Introduction to Herbology

basketHerb & Traditional Medicine History

People of various cultures have recognized herbs for their spirit and power for thousands for years.  Wild and domesticated animals past and present also take advantage of the natural pharmacy available to them. As part of their utilization of herbs, indigenous people worldwide honor both the spirit and the physical being when harvesting these wonderful plants for their culinary and medicinal uses.

The true power of the herbs is only really obtained when the entire part of the plants are utilized, not just their active ingredient(s) as is done with so many modern day pharmaceuticals.  When used properly, herbs rarely have side effects.  Many different ones can be combined together to form powerful healing teams. Also in the wild it is found that herbs that cause a challenge of some kind, and heal that same challenge often grow close by one another. (i.e. stinging nettle and plantain).

It is this power and wisdom that so many people desire to reconnect with, and when used with love and respect can be a big piece of bringing people once again in harmony with themselves and the wonderful Earth realms planet that support us all.
Basic Herb Terminology

Signatures of Plants

The physical appearance and growing environment of a plant often denotes its nutritive or healing properties.  This is referred to as the plant signature.  Various types of signatures include the following:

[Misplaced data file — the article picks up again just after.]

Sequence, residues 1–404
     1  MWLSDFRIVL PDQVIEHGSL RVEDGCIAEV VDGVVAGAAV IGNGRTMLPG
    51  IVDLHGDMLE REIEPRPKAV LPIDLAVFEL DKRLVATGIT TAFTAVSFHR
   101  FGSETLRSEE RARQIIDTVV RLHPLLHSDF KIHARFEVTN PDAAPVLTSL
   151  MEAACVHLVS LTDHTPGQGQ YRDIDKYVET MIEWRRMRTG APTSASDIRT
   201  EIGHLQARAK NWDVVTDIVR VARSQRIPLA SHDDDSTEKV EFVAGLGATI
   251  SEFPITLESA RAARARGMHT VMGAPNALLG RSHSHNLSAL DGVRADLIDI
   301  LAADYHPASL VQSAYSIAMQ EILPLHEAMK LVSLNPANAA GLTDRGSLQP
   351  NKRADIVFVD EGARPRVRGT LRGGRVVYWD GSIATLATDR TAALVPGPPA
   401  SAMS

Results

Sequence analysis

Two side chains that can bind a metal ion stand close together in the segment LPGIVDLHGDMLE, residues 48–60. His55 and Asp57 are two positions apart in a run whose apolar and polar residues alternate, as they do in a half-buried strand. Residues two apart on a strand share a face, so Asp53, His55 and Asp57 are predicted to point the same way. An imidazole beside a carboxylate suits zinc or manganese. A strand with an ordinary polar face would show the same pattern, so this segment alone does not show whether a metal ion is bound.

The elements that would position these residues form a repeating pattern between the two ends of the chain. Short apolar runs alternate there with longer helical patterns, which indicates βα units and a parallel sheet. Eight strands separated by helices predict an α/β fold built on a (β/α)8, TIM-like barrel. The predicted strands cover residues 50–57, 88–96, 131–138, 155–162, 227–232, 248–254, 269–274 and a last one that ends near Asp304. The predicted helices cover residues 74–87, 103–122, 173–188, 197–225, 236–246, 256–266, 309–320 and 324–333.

Flower color and shape

  • blue / purple – sedative or calming herbs; also good blood purifiers when used in tonics.  Examples include: blue valerian, purple passion flower, lavender
  • red – blood purifiers or alteratives; also often antibiotic in nature.  Examples include: Echinacea
  • yellow – generally utilized for liver, gallbladder, urinary tract problems and detoxification and infection fighting tonics.  Examples:  chamomile, eyebright, dandelion
  • white -***

Growing conditions in the wild

  • Plants that grow close to water are usually diuretic in nature.  Examples include: stinging nettle, broad leafed plantain
  • Plants growing in gravel based soil generally are good for assisting with illnesses that cause stones or gravel in the body.  They cleanse the alimentary and bronchial systems of harmful accumulations and can assist in dissolving or preventing kidney stones / gallstones.  Examples: parsley, peppergrass, shepherd’s purse, sassafras and mullein.
  • Herbs growing in swampy or wet ground are good for assisting with the balancing of excessive mucous excretions in the respiratory or other body systems.  Examples: Willow, Verbena, Boneset, Elder

Body, leaf or root structure

  • Medicinal herbs may display a body, leaf, flower or root structure that provides hints as to its medicinal powers.  Examples include: skullcap whose flower is the shape of the cap of a skull; horehound whose leaf shape is similar to that of a lung, etc.


  • Soft textures indicate an aid for treating inflamed or swollen areas.  They are also good for “wet” colds and respiratory ailments. (Emollient herbs).  Examples include: Horehound, Mullein, Hollyhocks
About Kathryn Shanti Ariel